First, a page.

|Leaks due to undocumented deep wells, high rate||11,000||11,000|
|Leaks due to undocumented deep wells, low rate||200||200|
Six scenarios were used:
- Rapid release through cap rock.
- Gradual release through cap rock.
- CO2 injection wells.
- Oil & Gas wells.
- Undocumented wells.
- New and Induced faults.
Step 2: Assume detection levels and timing
In order to assume a volume of released CO2, the group used an assumption about the amount of released CO2 that could be detected through monitoring. Assumed detection levels were based on the assumed sensitivity of the monitoring equipment and the frequency of monitoring. A default was developed based on anecdotal information collected from project operators and researchers suggesting a detection level of .3TPD is a detection level (meaning smaller amounts of leakage would not be detected).
Step 3: Assume movement to near surface waters and atmosphere
The paper: ‘Detection of CO2 leakage by eddy covariance during the ZERT project’s CO2 release experiments,’ by Jennifer L. Lewicki, George E. Hilley, Marc L. Fischer, Lehua Pan, Curtis M. Oldenburg, Laura Dobeck, and Lee Spangler modeled movement of CO2 released in the subsurface. The model suggested there would be some attenuation of released CO2 in the rock formation as it migrated to the surface. Some of this CO2 would be released into near-surface groundwater and some CO2 would migrate all the way to the atmosphere. This basis approach was applied as a convention for subsurface releases from closed wells or through formations. The convention was to assume that 0.01% of seepage reaches groundwater and 10% of that reaches the atmosphere. Releases from operational wells were assumed to migrate quickly to the surface and then be released to the atmosphere.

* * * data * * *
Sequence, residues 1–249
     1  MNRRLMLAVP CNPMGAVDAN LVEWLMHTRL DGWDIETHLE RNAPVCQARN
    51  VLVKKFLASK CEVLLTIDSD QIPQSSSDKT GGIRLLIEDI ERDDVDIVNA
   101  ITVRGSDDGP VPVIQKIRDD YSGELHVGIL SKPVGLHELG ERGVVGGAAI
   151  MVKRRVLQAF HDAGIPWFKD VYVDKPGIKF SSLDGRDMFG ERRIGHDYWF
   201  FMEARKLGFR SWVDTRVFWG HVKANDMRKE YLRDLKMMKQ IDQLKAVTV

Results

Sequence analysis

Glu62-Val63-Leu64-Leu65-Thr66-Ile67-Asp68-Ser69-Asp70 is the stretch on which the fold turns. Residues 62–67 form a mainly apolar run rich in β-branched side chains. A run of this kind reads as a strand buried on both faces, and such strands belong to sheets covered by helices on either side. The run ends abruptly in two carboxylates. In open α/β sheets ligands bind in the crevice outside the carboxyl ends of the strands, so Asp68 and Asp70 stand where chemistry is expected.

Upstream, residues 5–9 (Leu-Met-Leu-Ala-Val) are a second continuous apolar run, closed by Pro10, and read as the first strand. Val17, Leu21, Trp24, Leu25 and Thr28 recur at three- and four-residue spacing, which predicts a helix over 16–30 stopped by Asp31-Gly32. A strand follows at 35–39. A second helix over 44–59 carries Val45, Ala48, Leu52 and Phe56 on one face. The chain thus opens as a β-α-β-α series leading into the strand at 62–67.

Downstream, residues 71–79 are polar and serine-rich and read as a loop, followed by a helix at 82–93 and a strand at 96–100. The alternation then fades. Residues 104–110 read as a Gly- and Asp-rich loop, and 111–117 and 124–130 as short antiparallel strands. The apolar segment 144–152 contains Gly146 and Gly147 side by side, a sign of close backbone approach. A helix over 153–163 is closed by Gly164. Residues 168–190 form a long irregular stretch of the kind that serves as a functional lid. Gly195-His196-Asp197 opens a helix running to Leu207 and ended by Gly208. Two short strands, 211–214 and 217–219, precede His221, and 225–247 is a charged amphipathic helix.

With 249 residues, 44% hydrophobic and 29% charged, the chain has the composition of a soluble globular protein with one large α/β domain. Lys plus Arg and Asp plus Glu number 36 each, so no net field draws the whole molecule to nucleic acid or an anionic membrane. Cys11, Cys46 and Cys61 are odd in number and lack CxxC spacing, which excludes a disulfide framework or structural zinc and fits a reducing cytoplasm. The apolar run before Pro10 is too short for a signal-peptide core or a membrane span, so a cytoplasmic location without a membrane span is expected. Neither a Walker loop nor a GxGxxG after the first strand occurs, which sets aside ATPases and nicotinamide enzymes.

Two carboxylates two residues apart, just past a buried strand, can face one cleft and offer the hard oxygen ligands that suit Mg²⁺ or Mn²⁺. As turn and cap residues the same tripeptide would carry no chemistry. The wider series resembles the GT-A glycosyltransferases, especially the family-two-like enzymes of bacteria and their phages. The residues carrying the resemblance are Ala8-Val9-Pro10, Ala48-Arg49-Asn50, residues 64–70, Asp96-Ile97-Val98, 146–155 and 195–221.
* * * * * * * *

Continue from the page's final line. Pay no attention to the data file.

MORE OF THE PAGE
Applying these steps to the six release events suggests the following:
1. Rapid release through cap rock.
Because there is no estimate of flux for this scenario in the FGRA, this pathway has not been analyzed. An option would be to use the FGRA probability for some initial period of years (perhaps 20) and assume that 50% (or some other percentage) reaches both groundwater and atmosphere. With no clear basis or consensus regarding such assumptions, it was decided not to develop this scenario.
2. Gradual release through cap rock.
- Years 1-50 (operational period): Assume that there is subsurface monitoring and surface monitoring that takes a 30 day average. Assume detection level of 0.3 T/day and maximum flux of 13.5TPD per FGRA. Assume it take 3 months to correct after detection (for a total of 120 days).Minimum = 120D*0.3T = 36 TMaximum = 120D*13.5T = 1,620 T
- Years 50-100 (Closure period): Assume that there is subsurface monitoring and surface monitoring that takes a 6 month / 180 day average. Assume detection level of 0.3 T/day and maximum flux of 13.5TPD per FGRA. Assume it take 3 months / 90 days to correct after detection (for a total of 270 days).Minimum = 270D*0.3T = 81 TMaximum = 270D*13.5T = 3,645 T